The Community Bug

Even though I’m in a new community now, I got my start in community teaching in the East Bay. As far as I knew, I’d never been that interested in a community.  My parents always viewed the community as a “scary outside place” and, in as much as the community contributed to who I am as a person, it was still a place to be avoided. Something to be afraid of.  The East Bay changed all that. Everywhere I went, I heard more and more often the catchphrase “community.” And I myself became part of a community. When I opened my eyes, there were communities everywhere! I had my Mills College community, my writing community, my long-time friends community. I even had a glimpse of what a physical community based on place would look like. And I guess, in many ways, I caught the bug. Now that I’m back in the place where all my roots are, I decided immediately to start giving back to the community that in part shaped me. That’s why I decided to begin by volunteering for a group called Volunteers in Public Schools (VIPS). The group sends mentors into the community to personally advocate for individual students who are at risk of dropping out of school. Many of these students have parents who are addicted to meth-amphetamines (a huge problem in my small-town area) and are being raised by their parents. Many are below the poverty level. Others have parents and grandparents, cousins, aunts and uncles who got married or got pregnant while barely out of high school and they simply don’t know anything else. For whatever reason, individual advocacy gives these students something they’ve never had: someone to care about them.  Many of them have never even had dreams or aspirations. They have no idea what they want to be. What they can be. So, today, I visited with one of the third grade teachers at Hanceville School to find out which student I would be helping. I found out his name and some of his school difficulties,  but I won’t officially meet him until next week. I told the teacher I wouldn’t be focusing on schoolwork first. I wanted to meet him, find out what his personal situation was and why, according to his teachers, he didn’t care about anything. Ms. Reid said that his parents didn’t come to parent/teacher day and that they hadn’t been coming to open house events. She knew nothing of his home life or why he couldn’t seem to be inspired to do his schoolwork. So I decided that the first thing I needed to do was find out about him and about what his home life is like. To encourage him to speak to me, I’m going to take some arts and crafts supplies to my meeting with him, and together we are going to put together a self-portrait collage about ourselves. I used this activity successfully while working with CTP, so I am going to use it again. While we are working, I’m going to ask him some questions about himself and see if I can get some useful information on how to help. If all goes well at our first meeting, we may focus on his schoolwork later. With a lot of attention and some luck, hopefully I’ll be able to make a change in his life for the better.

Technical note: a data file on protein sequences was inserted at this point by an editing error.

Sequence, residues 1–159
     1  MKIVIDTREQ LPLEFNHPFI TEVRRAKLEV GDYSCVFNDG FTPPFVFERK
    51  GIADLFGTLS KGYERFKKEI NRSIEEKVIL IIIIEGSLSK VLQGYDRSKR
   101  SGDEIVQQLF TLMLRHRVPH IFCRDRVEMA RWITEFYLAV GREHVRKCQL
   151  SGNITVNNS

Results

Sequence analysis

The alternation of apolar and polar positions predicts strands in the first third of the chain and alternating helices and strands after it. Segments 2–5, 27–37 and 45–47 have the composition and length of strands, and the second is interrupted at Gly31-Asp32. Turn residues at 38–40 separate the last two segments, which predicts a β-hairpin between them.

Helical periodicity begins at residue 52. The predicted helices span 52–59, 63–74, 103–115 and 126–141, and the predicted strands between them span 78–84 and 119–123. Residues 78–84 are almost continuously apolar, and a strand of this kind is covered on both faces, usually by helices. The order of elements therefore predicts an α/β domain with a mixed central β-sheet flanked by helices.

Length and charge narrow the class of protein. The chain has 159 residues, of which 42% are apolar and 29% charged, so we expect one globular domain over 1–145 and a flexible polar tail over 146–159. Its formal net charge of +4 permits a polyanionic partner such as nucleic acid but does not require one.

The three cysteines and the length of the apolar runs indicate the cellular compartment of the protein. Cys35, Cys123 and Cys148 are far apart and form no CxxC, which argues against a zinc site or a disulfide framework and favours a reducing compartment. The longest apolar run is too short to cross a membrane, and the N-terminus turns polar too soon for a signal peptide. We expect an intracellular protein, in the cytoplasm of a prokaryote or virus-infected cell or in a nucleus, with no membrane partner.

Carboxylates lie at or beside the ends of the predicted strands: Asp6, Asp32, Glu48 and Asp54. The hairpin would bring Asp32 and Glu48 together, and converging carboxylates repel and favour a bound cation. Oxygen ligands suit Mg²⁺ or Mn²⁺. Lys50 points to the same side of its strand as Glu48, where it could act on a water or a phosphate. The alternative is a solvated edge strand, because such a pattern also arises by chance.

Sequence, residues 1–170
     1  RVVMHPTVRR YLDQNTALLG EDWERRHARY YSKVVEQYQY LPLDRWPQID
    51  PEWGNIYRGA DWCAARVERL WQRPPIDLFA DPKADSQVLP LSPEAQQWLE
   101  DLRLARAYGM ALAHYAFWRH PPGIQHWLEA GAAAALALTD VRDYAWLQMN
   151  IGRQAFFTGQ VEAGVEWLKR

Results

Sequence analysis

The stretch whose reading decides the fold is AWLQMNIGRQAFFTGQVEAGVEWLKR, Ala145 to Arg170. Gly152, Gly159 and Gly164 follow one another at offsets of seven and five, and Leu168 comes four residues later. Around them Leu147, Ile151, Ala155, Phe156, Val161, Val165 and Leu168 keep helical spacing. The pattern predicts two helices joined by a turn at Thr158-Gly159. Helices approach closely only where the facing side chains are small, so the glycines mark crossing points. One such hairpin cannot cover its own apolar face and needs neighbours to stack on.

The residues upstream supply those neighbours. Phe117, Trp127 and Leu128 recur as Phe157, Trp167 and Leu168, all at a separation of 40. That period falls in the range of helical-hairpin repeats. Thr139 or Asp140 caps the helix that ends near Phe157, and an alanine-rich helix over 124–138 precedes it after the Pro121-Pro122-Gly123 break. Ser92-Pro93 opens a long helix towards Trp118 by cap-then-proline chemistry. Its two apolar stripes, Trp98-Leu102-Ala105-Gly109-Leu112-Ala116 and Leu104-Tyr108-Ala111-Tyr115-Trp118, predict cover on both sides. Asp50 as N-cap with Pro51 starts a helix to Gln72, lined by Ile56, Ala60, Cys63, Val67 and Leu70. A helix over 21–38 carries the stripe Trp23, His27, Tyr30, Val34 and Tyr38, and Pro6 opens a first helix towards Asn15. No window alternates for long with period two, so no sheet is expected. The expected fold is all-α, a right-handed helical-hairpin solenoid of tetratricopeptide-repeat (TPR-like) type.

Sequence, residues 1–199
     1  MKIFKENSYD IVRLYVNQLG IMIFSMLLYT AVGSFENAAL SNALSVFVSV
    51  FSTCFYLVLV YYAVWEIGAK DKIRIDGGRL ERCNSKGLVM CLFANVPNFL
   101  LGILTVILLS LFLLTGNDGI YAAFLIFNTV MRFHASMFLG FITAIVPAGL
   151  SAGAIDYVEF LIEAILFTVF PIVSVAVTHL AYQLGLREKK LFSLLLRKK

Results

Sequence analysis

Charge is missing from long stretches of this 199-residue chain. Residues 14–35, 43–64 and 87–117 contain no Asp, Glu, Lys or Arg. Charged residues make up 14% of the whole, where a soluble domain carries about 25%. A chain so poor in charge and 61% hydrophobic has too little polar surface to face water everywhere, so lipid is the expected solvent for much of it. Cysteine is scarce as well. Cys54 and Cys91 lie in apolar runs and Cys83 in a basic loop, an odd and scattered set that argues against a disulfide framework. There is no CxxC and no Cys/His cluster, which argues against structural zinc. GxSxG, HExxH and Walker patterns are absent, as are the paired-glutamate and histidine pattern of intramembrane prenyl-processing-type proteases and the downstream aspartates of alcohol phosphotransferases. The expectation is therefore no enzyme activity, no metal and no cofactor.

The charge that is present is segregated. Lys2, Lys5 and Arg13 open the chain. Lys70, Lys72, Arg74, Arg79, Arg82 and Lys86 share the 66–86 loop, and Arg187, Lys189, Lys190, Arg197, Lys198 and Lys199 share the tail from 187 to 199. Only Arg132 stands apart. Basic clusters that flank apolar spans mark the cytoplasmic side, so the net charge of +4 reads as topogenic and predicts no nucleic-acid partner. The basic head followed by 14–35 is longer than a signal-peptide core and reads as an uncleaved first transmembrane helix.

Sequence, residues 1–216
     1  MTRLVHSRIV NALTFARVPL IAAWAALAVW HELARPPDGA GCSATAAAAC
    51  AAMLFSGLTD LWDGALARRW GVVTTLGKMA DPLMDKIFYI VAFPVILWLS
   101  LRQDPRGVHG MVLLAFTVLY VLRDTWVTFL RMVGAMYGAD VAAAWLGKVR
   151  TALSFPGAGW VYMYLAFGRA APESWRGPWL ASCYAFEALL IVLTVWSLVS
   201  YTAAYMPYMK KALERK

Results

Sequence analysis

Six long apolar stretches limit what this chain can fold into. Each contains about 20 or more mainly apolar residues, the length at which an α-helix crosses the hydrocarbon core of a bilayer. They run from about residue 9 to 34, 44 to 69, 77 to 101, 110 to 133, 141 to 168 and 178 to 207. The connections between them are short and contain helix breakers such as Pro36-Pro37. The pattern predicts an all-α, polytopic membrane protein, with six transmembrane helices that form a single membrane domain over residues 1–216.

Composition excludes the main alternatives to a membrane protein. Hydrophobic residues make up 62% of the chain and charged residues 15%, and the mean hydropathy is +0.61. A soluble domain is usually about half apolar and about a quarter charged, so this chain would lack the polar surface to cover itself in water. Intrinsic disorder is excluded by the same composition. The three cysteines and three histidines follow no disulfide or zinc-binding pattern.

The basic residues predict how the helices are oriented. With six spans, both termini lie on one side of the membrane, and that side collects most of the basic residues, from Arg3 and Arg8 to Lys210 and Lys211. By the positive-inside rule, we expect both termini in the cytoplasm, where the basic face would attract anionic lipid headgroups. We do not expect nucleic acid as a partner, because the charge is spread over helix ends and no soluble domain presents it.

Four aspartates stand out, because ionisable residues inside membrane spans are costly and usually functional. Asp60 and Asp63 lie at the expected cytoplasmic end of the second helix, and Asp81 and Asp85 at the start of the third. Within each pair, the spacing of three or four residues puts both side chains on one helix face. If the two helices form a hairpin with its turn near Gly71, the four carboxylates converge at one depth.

~ by ImaginaryCanary on October 19, 2011.

One Response to “The Community Bug”

  1. “Abu Ghraib prison was still fresh in the minds of the American people and contributed mightily to the contentious political climate that rocked G. W. Bush’s presidency. ”
    beautifully written.

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